U.S.-Israeli missile test briefly alarms region

A joint Israeli-U.S. military exercise put an already tense region on edge Tuesday morning, when Russian news media reported that Russian radar had detected two ballistic “objects” flashing across the Mediterranean Sea.

Hours later, Israel’s Defense Ministry confirmed that it had, with assistance from the U.S. Missile Defense Agency, completed a first test of a new version of the Sparrow target missile. The U.S.-designed Sparrow was fired toward the Israeli coast as the Arrow ballistic missile defense system tracked its path, the ministry said.

The Arrow system, jointly funded by the United States and Israel, is designed to protect Israel from incoming missiles, the kind that might be launched by Syria, Iran or Hezbollah, the militant Shiite group in Lebanon.

Pentagon spokesman George Little said Tuesday’s test had “nothing to do with” the U.S. consideration of a military strike against the Syrian regime in response to its alleged use of chemical weapons.

“The test was long planned to help evaluate the Arrow Ballistic Missile Defense system’s ability to detect, track, and communicate information about a simulated threat to Israel,” Little said in a statement.

“This test was likely planned many months ago, and there is really no reason for Israel not to continue on with this important exercise,” said Arieh Herzog, former head of the Israel Missile Defense Organization. “Israel does not, at the moment, have much connection to what is going on in Syria, but we do have a serious interest in focusing on developing our missile-defense capabilities.”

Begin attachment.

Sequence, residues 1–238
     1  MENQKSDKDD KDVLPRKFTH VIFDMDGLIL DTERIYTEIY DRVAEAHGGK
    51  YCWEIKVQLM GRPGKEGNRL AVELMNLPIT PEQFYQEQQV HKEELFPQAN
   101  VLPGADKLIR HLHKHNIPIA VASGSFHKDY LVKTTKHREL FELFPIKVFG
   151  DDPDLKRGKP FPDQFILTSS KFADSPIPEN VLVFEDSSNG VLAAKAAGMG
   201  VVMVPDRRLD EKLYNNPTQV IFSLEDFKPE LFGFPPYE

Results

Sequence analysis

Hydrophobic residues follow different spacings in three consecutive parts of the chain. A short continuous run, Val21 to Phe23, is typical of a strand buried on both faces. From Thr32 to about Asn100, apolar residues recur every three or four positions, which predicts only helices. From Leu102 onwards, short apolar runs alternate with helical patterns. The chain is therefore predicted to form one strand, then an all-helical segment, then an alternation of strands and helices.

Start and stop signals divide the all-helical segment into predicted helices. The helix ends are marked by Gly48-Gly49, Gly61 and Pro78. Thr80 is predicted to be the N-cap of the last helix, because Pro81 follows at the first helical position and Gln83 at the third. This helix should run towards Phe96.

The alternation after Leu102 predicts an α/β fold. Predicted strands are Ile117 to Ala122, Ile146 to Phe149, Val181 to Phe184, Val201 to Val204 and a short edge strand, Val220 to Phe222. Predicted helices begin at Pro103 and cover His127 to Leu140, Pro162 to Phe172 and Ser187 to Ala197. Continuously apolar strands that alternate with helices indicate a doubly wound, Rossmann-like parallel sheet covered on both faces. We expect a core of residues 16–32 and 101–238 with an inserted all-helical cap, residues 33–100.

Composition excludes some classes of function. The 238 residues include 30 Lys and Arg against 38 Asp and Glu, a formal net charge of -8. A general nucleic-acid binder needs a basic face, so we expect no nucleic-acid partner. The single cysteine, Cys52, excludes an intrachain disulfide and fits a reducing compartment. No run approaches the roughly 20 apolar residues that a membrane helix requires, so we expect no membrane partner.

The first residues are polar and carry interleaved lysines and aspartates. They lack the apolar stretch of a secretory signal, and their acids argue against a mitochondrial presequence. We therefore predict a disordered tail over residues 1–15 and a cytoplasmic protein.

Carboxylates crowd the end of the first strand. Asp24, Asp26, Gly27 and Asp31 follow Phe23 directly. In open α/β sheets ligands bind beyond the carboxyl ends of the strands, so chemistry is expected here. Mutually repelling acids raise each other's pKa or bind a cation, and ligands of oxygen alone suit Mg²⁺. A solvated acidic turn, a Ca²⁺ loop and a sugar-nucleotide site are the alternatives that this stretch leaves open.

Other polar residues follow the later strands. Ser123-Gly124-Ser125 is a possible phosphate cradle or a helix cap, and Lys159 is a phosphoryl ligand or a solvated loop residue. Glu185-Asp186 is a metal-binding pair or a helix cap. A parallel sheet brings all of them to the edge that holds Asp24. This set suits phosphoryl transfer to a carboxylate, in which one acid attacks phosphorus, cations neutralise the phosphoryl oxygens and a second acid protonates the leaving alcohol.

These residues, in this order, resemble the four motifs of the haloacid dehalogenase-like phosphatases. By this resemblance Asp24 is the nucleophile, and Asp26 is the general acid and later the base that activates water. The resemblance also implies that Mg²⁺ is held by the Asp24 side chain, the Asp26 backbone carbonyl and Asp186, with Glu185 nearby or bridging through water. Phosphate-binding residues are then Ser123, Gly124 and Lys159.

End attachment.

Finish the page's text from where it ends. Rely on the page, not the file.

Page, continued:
Reports of the test came less than an hour after Israeli media said the Israel Defense Forces had decided to lower an alert level along the northern border and remove the Iron Dome defense system from the outskirts of Tel Aviv in light of President Obama’s decision Saturday to postpone a military strike on Syria until after a vote in Congress.

Regular soldiers and those called up for emergency reserve duty last week will be allowed home for the Jewish New Year, which begins Wednesday night, the news reports said. Additionally, the flood of Israelis hastening to claim their state-issued gas masks had all but stopped Tuesday as people prepared for the Jewish holiday.

Although most of Israel’s leaders have remained quiet about Obama’s decision to seek congressional approval for a Syria strike, President Shimon Peres defended it Monday, saying he felt confident that the United States would act.

“I don’t think sound judgment is indecisiveness,” he told Israeli Army Radio. “I think it’s permitted to carefully consider a decision beforehand rather than after, and I trust him on anything connected to Israel.”

The Israeli-U.S. test came just days after American warships gathered in the region ahead of a possible strike on Syria.

Ruth Eglash is a reporter for The Washington Post based in Jerusalem. She was formerly a reporter and senior editor at the Jerusalem Post and freelanced for international media.
William Booth is The Post’s Jerusalem bureau chief. He was previously bureau chief in Mexico, Los Angeles and Miami.

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